Austin Film Festival: Day 3 (Morning Panel)

I'm just going to take a minute to write about the panel I attended this morning, which was "Independent Production: Getting Started." I have a little bit of curiosity about the subject because, since St. Peter in Chains is really not feature material, I'm wondering if I'm going to have to make the movie myself (despite the fab feedback it got from the reader—and I'm pleased to note the script has a shot at being table read at Sundance next year, though I won't know for sure until January). But it's a short, so it's really festival fare, assuming I can ever get anyone interested in making it.

The panel was made up of Jeff Nichols, Amy Talkington, Jason Wehling, and Noah Buschel. From what I could gather, most of the decisions you make about doing an independent film have to do with how much creative control you want or need. And budget. They're related, in that if you start taking a bunch of money from someone (a producer, an investor), they're going to expect to have some say. So you have to be honest and upfront about what you plan to do—and about the fact that no one is going to make any money from the project. Indie films are largely a labor of love.

Noah Buschel was keen on the idea of going out and buying or renting a camera and just making the damn movie. Others said it might be better to get a producer on board, or at least formulate a plan. It was likened to building a house: you have an idea, and you get a blueprint, and then you realize it will cost too much to build it exactly the way you want it, so you start figuring out where you can cut back.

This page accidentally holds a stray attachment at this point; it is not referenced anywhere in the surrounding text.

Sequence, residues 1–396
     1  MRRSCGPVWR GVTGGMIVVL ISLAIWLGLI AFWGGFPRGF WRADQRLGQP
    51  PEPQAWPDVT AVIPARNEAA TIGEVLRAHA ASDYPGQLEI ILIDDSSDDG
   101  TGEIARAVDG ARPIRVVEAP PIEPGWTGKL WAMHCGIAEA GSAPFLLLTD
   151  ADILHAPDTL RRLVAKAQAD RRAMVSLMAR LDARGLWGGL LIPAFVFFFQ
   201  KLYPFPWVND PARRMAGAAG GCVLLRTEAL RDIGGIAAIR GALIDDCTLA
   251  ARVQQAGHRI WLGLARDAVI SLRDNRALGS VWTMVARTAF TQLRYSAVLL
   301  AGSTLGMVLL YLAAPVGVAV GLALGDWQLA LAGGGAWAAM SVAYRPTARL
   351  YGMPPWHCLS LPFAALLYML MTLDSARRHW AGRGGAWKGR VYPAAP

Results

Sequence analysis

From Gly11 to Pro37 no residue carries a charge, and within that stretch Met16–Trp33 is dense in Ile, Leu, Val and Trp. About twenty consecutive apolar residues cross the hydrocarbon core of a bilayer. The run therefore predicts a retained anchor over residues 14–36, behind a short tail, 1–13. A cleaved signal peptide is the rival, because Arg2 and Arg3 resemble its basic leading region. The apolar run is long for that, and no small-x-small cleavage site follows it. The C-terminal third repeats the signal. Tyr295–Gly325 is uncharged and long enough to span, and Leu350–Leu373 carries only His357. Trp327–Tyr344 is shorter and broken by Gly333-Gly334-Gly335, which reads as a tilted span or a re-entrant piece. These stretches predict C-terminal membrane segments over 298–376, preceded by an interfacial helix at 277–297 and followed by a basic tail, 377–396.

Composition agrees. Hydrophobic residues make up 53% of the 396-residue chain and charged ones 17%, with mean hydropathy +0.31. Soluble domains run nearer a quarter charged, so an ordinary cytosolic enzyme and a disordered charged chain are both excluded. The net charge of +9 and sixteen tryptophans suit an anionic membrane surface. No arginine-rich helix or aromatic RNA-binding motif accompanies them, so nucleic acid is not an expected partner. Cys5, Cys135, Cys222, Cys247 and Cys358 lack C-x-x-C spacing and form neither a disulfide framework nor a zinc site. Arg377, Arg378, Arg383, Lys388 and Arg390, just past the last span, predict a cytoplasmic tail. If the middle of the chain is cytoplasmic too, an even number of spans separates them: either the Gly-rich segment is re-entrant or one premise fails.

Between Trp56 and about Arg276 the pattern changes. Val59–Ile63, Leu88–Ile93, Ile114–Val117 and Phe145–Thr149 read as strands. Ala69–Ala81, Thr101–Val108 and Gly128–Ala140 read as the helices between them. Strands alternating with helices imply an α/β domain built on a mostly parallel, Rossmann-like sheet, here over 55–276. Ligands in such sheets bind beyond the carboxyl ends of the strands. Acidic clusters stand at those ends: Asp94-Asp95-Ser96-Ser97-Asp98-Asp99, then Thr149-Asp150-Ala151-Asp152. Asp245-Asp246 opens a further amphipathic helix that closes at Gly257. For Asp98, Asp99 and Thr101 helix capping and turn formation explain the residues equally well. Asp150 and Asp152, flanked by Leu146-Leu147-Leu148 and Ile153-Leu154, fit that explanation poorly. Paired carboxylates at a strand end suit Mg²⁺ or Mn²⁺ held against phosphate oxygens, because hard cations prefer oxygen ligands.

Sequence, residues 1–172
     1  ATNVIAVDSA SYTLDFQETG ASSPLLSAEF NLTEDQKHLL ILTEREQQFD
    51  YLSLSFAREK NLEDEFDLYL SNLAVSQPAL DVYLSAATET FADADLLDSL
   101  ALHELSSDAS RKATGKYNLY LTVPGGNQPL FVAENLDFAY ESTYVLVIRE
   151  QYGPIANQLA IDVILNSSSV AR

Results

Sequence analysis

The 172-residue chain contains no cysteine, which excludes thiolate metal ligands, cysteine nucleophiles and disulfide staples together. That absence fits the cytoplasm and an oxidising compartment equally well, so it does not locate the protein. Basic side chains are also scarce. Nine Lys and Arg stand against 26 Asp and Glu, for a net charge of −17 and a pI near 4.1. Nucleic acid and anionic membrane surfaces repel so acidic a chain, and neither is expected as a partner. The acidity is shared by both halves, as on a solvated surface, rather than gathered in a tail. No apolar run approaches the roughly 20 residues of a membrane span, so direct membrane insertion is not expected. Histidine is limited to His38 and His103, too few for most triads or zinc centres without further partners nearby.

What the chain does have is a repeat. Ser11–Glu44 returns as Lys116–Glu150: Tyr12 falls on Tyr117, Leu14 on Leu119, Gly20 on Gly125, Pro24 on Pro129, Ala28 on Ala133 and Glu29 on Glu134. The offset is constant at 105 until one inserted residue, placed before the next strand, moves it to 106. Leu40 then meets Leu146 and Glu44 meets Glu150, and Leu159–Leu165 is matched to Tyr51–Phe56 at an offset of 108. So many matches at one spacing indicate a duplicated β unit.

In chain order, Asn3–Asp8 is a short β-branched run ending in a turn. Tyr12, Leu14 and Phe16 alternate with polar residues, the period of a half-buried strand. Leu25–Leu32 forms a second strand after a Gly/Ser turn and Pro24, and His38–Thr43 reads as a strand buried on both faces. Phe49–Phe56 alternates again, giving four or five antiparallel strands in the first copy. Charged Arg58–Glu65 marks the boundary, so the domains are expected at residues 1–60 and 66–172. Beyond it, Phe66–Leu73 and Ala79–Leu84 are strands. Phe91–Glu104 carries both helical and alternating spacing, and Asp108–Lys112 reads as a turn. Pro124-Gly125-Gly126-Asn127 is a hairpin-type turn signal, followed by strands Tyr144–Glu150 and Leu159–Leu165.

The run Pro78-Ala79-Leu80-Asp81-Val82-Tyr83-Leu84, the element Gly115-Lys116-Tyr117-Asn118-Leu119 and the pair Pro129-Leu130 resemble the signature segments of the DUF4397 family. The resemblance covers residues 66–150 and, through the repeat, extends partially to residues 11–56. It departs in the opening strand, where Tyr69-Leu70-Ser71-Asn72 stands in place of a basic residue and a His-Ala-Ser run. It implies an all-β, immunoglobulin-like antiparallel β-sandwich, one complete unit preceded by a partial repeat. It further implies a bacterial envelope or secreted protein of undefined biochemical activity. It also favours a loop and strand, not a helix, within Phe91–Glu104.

I recall the TV-movie producer I spoke to a while back saying if you can attach talent to the work, someone will be more likely to make it. But, he noted, it can be just as difficult, if not more so, to reach that talent. Still, at this panel it was mentioned that talking to casting directors—or their assistants—can be a way to do that.

As for money, Jeff Nichols went through all the ways he finagled cash from family members, and then all the ways he told his friends/crew he couldn't pay them. Kickstarter was mentioned, and grants, but the key is to have a plan, something to show people that makes the project seem real and serious, at least if you want money from "official" channels.

The panel didn't go deep into the legalities, but contracts, entertainment attorneys, and forming LLCs for each project were touched on.

Okay, time to get ready for this luncheon. See you there, AFFers.

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